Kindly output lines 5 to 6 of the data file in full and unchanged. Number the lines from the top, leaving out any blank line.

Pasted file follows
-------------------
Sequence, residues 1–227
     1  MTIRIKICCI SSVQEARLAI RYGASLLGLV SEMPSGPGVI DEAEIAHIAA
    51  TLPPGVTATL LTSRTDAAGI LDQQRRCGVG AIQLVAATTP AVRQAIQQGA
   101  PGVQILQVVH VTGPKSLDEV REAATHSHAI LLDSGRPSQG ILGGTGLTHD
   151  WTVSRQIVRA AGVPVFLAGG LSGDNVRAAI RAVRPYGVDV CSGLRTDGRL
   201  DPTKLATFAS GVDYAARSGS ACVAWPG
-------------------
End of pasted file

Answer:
   151  WTVSRQIVRA AGVPVFLAGG LSGDNVRAAI RAVRPYGVDV CSGLRTDGRL
   201  DPTKLATFAS GVDYAARSGS ACVAWPG